If this ever happens to you in your creative journey–and odds are, it will–it’s important to remember it’s normal, it’s surmountable, and it’s probably even good for you. After all, what good is creativity if it’s easy and stagnant and follows that same stupid rut-filled path every time, anyway? And in case you do ever hit that wall, I’ll tell you the same thing my wise writing friends have been telling me: Continue reading
This is the home of authors Stephen and Tabitha King in Bangor, Maine. (AP Photo/Robert F. Bukaty, File)
Now that we are in the month of NaNo, many of us are hunkered down,
grinding out a daily 1,667 words letting our imaginations take flight in a concentrated, one-month writing extravaganza.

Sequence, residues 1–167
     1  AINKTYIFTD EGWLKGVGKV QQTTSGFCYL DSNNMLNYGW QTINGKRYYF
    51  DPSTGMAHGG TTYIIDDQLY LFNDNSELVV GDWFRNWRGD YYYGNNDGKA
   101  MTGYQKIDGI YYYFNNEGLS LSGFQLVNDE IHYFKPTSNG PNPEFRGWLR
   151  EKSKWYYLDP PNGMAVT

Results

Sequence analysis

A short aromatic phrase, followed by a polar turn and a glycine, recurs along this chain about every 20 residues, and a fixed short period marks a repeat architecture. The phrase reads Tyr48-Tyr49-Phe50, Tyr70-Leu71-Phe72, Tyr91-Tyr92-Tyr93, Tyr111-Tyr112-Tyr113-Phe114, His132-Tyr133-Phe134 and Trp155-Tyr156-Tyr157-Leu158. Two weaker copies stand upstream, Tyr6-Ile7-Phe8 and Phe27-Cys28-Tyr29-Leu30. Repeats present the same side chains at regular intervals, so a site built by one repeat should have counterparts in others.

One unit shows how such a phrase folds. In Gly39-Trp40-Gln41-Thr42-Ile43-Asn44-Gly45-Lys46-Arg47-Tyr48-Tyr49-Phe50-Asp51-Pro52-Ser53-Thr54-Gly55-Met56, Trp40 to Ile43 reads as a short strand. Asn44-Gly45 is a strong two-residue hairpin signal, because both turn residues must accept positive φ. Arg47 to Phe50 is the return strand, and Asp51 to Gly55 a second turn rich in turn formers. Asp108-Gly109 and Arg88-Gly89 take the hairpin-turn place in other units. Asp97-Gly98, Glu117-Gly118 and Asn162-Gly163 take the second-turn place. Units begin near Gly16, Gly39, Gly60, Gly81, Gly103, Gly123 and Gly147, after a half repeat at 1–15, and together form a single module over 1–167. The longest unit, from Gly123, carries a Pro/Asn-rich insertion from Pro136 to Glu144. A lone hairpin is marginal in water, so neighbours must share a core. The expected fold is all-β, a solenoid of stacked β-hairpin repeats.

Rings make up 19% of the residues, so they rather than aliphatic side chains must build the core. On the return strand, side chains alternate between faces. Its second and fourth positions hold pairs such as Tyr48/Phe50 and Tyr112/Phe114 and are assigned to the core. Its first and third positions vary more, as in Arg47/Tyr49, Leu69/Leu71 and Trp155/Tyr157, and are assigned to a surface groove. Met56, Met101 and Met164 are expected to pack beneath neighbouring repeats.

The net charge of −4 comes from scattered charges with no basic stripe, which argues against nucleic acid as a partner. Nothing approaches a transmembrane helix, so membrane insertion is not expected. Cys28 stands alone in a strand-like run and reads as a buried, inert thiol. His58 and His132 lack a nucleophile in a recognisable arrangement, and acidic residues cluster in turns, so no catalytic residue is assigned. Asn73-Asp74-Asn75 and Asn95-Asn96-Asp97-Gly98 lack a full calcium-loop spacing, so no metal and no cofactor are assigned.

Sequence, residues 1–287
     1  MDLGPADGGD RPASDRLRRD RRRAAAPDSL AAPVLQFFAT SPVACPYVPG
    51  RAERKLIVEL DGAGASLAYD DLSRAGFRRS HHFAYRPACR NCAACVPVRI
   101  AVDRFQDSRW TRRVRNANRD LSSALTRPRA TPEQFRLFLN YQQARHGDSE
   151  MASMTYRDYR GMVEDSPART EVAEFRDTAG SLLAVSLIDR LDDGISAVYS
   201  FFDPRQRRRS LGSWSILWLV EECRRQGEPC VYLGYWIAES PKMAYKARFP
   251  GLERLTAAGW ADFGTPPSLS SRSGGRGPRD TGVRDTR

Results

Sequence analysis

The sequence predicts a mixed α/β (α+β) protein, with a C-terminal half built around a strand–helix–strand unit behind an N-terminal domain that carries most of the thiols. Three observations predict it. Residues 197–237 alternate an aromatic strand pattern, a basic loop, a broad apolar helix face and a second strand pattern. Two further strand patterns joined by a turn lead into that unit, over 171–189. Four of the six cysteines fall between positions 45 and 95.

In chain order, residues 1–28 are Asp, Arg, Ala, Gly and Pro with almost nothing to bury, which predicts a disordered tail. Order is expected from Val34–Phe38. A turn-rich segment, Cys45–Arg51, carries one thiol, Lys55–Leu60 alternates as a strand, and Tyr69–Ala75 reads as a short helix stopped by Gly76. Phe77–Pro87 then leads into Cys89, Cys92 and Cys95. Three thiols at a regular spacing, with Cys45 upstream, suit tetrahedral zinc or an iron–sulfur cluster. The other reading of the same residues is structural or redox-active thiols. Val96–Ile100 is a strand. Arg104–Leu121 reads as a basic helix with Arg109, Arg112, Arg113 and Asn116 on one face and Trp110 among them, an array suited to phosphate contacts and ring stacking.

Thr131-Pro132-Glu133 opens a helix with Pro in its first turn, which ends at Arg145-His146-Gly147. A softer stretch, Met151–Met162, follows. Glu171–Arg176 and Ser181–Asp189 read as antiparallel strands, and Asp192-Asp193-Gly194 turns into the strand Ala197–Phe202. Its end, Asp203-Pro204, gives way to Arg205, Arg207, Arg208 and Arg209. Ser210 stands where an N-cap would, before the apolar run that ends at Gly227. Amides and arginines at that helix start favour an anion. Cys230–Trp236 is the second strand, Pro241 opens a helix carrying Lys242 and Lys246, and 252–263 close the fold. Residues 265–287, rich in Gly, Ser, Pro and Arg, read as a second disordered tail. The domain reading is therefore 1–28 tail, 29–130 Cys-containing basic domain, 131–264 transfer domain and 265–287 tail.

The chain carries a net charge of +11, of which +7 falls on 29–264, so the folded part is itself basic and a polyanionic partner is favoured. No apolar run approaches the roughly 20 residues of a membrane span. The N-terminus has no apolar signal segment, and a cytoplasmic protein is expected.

You can maybe tell this is not my thing.
However, I am deeply attracted to the idea of a writers retreat, where people can go and maybe write or maybe just cogitate or brainstorm. I like the idea of getting away from daily life, a healthy disruption that removes us from our routines and can jar those neurons into bouncing in new directions.
So here’s a retreat I’d like to try: Continue reading
Last week I finished plotting out The Demon Wore Stilettos, the third book in my Touched by a Demon series. In case you haven’t been following my progress with bated breath, I set this book aside in January after discovering I’d written myself into a corner.
(Note: when you create characters who cannot lie, be very careful about the situations you put them in. Being unable to tell a convenient fib may work well in Heaven, but it’s a major handicap on this messed-up planet.)